Iran’s deputy permanent representative to the UN has warned against the continued sales of offensive weapons to Saudi Arabia and Israel, which are in violation of other territories as well as humanitarian laws.
“We are deeply concerned about the destabilizing repercussions of the continual entry and export of such weaponry into the region, especially into Saudi Arabia and the Zionist regime of Israel, which are engaged in aggression and violation against other countries and in flouting their commitments to international humanitarian laws,” Gholam-Hossein Dehqani said.
Dehqani was speaking at the annual meeting of the United Nations General Assembly’s Disarmament and International Security Committee at the world body’s headquarters in New York, IRNA reported on Saturday.
He said the Saudi regime was using “British and American bombs” against vital Yemeni infrastructure. Saudi Arabia has been pounding Yemen since March 2015 in an unsuccessful attempt to reinstall a former ally as president. The war has killed more than 10,000, according to UN figures in August.
Dehqani also stressed the need for disarming Israel of its nuclear arsenal and for the regime’s accession to the Nuclear Non-proliferation Treaty (NPT).
“The most dangerous weapons are in the hands of the most dangerous regime in the Middle East. The Zionist regime has recurrently perpetrated violations, occupation, genocide, and terrorist activities; and nuclear weapons in the hands of such a regime constitutes the most dangerous threat to NPT signatories in the Middle East,” he said.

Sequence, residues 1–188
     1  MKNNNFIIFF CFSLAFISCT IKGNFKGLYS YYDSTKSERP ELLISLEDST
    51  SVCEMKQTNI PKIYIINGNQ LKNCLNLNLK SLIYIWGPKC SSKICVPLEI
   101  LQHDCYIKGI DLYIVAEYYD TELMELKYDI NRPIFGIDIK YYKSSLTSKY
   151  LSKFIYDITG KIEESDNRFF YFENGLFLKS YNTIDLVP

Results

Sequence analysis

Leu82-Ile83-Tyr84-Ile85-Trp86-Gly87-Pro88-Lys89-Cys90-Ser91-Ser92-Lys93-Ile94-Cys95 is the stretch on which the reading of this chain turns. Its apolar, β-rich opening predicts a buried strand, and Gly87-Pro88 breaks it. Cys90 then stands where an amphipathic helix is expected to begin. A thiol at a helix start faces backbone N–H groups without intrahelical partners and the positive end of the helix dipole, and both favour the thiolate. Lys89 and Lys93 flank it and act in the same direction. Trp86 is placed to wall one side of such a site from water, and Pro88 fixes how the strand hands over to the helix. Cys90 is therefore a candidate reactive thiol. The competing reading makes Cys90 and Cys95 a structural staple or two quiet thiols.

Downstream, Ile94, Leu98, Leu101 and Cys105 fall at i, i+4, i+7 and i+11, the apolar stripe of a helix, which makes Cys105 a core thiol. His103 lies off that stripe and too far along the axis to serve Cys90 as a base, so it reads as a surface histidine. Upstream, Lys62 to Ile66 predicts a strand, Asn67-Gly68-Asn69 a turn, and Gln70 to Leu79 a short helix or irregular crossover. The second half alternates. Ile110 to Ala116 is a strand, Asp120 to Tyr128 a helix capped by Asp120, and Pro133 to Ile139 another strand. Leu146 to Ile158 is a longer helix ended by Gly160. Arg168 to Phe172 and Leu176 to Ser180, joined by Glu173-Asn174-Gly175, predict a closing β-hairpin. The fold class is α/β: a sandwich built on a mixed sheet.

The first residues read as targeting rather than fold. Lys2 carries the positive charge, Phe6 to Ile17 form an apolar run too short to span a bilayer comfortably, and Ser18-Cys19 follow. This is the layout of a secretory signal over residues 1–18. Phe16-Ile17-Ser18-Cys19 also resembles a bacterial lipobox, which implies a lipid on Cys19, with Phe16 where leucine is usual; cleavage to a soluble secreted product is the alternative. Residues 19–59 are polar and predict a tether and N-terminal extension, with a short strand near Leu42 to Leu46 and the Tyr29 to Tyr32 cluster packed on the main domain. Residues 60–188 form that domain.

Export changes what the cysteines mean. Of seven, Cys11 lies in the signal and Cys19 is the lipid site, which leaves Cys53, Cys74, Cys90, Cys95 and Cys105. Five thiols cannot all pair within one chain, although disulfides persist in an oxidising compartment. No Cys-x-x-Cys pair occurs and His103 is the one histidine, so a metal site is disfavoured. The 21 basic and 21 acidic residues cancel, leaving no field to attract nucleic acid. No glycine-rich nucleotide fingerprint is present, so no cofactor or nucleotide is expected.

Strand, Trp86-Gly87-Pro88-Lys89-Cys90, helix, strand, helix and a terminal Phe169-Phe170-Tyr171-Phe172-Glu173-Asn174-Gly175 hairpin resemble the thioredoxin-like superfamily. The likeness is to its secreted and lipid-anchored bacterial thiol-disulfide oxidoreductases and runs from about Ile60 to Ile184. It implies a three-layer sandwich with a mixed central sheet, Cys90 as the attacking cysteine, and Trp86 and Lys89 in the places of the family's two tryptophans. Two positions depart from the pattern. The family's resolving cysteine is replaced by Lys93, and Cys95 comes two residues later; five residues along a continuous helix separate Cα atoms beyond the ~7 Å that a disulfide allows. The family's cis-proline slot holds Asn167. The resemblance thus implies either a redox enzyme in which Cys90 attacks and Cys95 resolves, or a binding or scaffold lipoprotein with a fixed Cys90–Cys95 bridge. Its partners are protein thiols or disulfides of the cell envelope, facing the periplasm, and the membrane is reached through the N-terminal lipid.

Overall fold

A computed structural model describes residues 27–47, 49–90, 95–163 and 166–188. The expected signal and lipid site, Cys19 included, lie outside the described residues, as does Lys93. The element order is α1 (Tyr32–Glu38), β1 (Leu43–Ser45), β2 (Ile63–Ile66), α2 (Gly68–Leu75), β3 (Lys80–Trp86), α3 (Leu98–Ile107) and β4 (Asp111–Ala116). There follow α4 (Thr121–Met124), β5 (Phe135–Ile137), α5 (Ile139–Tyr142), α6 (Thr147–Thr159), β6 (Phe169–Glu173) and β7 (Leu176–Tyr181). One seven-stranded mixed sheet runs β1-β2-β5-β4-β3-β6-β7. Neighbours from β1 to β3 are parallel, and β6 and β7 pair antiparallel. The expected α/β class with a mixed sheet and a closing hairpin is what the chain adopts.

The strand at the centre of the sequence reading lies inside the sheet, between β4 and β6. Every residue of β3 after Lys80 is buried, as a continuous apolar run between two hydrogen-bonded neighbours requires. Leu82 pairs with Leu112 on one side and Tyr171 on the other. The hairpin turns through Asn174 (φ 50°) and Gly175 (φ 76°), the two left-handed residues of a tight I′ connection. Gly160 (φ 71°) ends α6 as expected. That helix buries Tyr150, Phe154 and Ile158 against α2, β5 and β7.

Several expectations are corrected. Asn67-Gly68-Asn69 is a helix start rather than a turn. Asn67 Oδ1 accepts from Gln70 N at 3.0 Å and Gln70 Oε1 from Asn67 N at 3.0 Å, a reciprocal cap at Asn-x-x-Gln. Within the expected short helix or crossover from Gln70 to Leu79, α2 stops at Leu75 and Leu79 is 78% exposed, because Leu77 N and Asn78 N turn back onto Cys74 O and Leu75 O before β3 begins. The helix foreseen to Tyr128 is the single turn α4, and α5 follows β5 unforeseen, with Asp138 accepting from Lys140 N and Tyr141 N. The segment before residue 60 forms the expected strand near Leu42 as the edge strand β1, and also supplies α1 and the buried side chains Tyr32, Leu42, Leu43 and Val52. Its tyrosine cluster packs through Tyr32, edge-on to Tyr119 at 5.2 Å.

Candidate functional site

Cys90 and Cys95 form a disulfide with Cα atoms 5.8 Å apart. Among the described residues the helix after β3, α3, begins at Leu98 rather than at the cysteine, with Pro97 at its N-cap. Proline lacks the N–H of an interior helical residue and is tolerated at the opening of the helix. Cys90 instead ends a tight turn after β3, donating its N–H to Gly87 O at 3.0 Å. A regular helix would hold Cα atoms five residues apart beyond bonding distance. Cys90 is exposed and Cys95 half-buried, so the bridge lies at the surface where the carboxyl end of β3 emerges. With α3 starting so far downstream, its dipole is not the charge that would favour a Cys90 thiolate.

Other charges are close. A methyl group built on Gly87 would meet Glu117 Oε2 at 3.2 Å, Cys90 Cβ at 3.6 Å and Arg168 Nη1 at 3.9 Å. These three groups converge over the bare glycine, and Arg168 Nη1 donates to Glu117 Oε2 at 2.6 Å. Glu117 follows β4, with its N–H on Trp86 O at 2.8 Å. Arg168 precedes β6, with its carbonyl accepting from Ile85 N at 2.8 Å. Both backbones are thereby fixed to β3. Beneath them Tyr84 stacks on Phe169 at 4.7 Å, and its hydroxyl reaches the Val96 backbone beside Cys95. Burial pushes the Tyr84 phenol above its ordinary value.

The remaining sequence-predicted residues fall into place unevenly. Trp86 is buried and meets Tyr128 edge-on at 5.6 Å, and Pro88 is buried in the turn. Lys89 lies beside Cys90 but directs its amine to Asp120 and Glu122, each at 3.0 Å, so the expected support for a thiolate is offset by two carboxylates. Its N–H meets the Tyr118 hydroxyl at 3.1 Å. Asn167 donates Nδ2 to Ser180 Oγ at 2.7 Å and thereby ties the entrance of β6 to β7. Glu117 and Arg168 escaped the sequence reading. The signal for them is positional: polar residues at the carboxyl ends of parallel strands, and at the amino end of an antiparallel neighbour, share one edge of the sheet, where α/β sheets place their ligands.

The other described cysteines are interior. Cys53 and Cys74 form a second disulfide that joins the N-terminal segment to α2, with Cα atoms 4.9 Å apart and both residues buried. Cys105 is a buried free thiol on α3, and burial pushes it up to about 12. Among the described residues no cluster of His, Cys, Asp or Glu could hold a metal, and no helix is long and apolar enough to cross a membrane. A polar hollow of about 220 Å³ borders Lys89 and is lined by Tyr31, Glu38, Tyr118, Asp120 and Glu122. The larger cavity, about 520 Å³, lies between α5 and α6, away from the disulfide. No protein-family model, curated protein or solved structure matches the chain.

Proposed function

Israel, which has refused to sign the NPT or allow inspections of its military nuclear facilities, keeps an estimated stockpile of some 200-400 nuclear warheads. Recently-leaked e-mails from former US Secretary of State Colin Powell confirmed long-held views that Tel Aviv was possession of atomic bombs.
Separately, Iran’s envoy to the Organization for the Prohibition of Chemical Weapons (OPCW) urged the complete annihilation of chemical weapons stockpiles.
Permanent Representative of the Islamic Republic to the body, Alireza Jahangiri, who was addressing its Executive Council in The Hague on Thursday, also urged those countries in possession of such weapons to act on their commitments within the framework of the organization’s Chemical Weapons Convention and non-members to join the Convention.
Jahangiri also urged international cooperation to prevent the use of chemical weapons by terrorist groups, a scenario that he said posed a threat to international peace.
He called on member countries of the organization to refrain from providing support, financial and otherwise, to terrorist groups.